The verb to touch means to come into or be in contact with. A touch (noun) is the act of touching someone or something. The sense of touch is one of the classic five senses along with taste, smell, hearing and seeing. In modern physiology, touch is part of the somatosensory system which also includes the sensations of vibration, heat or pain.
To feel touched usually refers to feeling emotionally moved, such as when one feels gratitude or sympathy.
Physiology of touchEdit
Four types of sensory receptors in the skin (mechanoreceptors) convey the sense of touch. They send signals along a sensory nerve to the spinal cord where they may be processed by other sensory neurons and then relayed to the brain for further processing.
Touch in sexuality, reward, punishment and BDSMEdit
The sense of touch gives animals (including humans) vital information about physical dangers (and their absence), such as contact with a sharp or hot object that can injure them.
The sense of touch also plays an important role in human sexuality as suitable types of touch in erogenous zones can excite sexual arousal. Touch is also commonly used non-sexually as a social tool to make another person feel comfortable (e.g. hugging, handshaking, shoulder patting, hand holding, kissing) or uncomfortable (painful types of touch such as pinching, slapping, up to corporal punishment as an extreme form), in order to mold their behaviour.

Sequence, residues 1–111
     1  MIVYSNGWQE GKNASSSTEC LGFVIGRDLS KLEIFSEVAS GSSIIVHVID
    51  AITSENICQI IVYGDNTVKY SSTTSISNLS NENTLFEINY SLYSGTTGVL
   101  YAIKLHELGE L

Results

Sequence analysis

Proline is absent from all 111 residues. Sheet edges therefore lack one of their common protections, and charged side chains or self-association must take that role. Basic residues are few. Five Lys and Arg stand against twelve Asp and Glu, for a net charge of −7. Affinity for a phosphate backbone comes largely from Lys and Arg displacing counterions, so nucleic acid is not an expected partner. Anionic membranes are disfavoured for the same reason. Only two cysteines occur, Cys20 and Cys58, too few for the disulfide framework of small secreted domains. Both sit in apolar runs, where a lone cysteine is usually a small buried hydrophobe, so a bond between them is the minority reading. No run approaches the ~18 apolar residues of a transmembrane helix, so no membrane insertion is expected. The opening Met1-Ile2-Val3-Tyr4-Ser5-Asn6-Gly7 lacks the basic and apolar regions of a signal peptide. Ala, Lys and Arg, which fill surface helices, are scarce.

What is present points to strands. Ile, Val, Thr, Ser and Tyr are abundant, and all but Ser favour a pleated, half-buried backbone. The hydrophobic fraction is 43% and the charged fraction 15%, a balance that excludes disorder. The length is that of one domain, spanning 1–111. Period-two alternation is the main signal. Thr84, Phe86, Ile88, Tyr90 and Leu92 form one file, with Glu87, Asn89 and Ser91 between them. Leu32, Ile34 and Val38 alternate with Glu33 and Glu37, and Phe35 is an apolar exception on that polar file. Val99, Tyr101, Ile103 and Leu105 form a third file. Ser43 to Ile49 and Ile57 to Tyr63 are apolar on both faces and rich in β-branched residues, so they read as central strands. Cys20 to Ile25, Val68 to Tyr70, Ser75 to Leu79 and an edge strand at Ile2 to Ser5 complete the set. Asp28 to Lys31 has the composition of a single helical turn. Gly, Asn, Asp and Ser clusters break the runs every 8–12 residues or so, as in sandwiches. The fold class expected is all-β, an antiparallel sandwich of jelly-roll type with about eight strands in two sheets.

In BDSM play, touch is often found combining the mentioned aspects. Typically one partner is active, giving touch, and one is passive, receiving touch, although in types of play involving the top's genitals (such as oral sex or other types of intercourse) the roles may temporarily mix or swap in this respect. A top can tease and excite a bottom with touches that are pleasant, painful, erotic and everything in between.
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